Ulver began as a black metal band but quickly earned themselves an international reputation for stylistic unpredictability. Their first three albums – Bergtatt, Kveldssanger and Nattens Madrigal – established them as pioneers of musical experimentation.
Their early works were largely composed in the early 1990s. These records revolutionized the genre by incorporating folk music and classical influences alongside a heavy black metal aesthetic.
Ulver are a Norwegian black metal band that has produced an eclectic repertoire over the years. Each album defies typical genre classifications, making Ulver one of Norway’s most beloved acts and earning them a global cult following.
Their debut record Bergtatt, released in 1995, revolutionized the traditional image of black metal as a dark and vengeful form of extreme metal. At that time, its acoustic folk elements were relatively uncommon within the genre.
Neoclassical elements in the music evoked images of medieval chants and Norway’s folk songs, creating an enchanting and haunting atmosphere. Lead singer Kristoffer “Garm” Rygg’s vocals were another major highlight on the album.
Garm’s voice was often compared to that of a Jethro Tull front man, and the choral and ethereal vocal style on this record remains popular today. The lyrics tell an intriguing tale of trolls who kidnap young maidens and imprison them in their mountain kingdom, complete with vivid detail sure to engage any listener.
Another unique aspect of this album was its accompaniment by an orchestra. Composed by Norwegian composer Martin Romberg and performed by the Tromso Chamber Orchestra, this score had an unforgettable atmosphere.
I highly recommend this record to anyone interested in listening to some great neoclassical and folk music. The instrumentation is beautifully composed, while the story line holds interest.
After Bergtatt, the group continued to experiment with style – though not quite as significantly. Their next album, Kveldssanger, moved towards more folk music influences while Nattens Madrigal concluded their Trilogy with an intense black metal emphasis.
Perdition City marked Ulver’s third attempt at breaking away from the limited musical palette of their first two records in a trilogy. While it didn’t achieve huge success, it marked an important development for the future band.
Kveldssanger made his debut in 1992, releasing Vargnatt demo with the rest of the band. While this early recording showed an early version of Ulver’s musical style, within a year and a half they had evolved enough to release their acclaimed debut album Bergtatt – widely considered one of the finest black metal records ever released.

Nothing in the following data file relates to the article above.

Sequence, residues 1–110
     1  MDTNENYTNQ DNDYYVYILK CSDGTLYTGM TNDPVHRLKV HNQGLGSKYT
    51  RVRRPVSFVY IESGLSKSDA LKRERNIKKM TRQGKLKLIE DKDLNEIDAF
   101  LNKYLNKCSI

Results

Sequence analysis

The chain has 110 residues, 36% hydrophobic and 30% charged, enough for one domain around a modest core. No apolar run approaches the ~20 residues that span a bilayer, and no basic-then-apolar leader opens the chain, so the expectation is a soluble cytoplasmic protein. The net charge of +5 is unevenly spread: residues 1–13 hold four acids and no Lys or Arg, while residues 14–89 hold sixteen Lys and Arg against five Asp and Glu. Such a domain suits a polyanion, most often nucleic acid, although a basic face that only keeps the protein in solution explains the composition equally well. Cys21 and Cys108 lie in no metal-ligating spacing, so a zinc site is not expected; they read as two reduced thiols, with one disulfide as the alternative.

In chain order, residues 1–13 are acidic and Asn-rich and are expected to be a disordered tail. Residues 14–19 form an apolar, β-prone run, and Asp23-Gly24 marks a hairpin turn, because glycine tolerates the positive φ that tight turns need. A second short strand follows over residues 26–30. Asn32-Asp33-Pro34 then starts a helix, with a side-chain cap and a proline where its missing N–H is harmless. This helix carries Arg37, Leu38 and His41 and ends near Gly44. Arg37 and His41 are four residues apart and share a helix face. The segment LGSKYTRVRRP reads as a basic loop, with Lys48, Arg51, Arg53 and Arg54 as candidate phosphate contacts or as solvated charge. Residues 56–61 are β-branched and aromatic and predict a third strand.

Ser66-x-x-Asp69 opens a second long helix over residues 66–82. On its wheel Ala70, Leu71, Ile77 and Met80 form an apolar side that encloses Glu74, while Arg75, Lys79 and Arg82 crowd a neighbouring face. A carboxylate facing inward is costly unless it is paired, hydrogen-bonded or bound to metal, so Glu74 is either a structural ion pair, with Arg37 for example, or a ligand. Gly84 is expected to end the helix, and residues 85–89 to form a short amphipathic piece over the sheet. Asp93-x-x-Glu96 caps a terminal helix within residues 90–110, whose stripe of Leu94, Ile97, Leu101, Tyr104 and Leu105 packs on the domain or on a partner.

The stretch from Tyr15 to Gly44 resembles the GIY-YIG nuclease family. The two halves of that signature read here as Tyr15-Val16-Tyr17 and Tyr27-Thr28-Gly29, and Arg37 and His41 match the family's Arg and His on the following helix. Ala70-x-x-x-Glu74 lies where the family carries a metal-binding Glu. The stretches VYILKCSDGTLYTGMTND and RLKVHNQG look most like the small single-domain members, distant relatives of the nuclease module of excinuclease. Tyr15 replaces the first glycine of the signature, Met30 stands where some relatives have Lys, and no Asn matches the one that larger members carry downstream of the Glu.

Ulver’s album marked a significant shift from their traditional heavy metal sound, as they now incorporate acoustic guitars and neofolk influences to take their music in an increasingly classical direction.
However, they still had an edge to their sound, as evidenced by the opening track “Viet er leilig”, featuring tremolo picking, blast beats, screams and more. This song served as a precursor for their more traditional lycanthropic concept which would be further explored on their third and final record Nattens Madrigal which was released in 1997.
Another significant development in Ulver’s sound came with 1998’s Shadows of the Sun, an experimental midtempo electronic song featuring charismatic Garm delivery. This would later lead to Perdition City (2000 album), an entirely electronic record which brought Ulver’s sound up a level which has persisted ever since.
After the release of Perdition City, Ulver continued to create music that was inaccessible, complex, subtle and inspiring. They started experimenting with different genres such as rock and acoustic music. In 2009 they performed live for the first time in over fifteen years at Maihaugsalen in Lillehammer, Norway with guest musicians Pamelia Kurstin on Theremin and Daniel O’Sullivan from AEthenor. Since then they have grown and evolved as a band while increasing their influence over time.
Nattens Madrigal, or “Madrigal of the Night,” is considered Ulver’s finest album. The band is known for their fast-paced style of music and this record perfectly illustrates their lycanthropy through a focus on wolves and how they relate to mankind.